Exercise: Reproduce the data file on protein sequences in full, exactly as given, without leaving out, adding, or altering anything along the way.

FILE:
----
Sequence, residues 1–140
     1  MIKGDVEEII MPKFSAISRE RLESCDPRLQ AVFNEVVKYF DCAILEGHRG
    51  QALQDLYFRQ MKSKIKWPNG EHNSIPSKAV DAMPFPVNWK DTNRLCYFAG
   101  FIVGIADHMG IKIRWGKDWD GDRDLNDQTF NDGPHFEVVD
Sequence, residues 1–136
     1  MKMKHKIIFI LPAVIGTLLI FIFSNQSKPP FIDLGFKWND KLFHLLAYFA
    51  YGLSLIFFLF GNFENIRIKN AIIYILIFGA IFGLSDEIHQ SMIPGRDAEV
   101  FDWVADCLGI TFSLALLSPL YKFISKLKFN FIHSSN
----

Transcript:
Sequence, residues 1–140
     1  MIKGDVEEII MPKFSAISRE RLESCDPRLQ AVFNEVVKYF DCAILEGHRG
    51  QALQDLYFRQ MKSKIKWPNG EHNSIPSKAV DAMPFPVNWK DTNRLCYFAG
   101  FIVGIADHMG IKIRWGKDWD GDRDLNDQTF NDGPHFEVVD
Sequence, residues 1–136
     1  MKMKHKIIFI LPAVIGTLLI FIFSNQSKPP FIDLGFKWND KLFHLLAYFA
    51  YGLSLIFFLF GNFENIRIKN AIIYILIFGA IFGLSDEIHQ SMIPGRDAEV
   101  FDWVADCLGI TFSLALLSPL YKFISKLKFN FIHSSN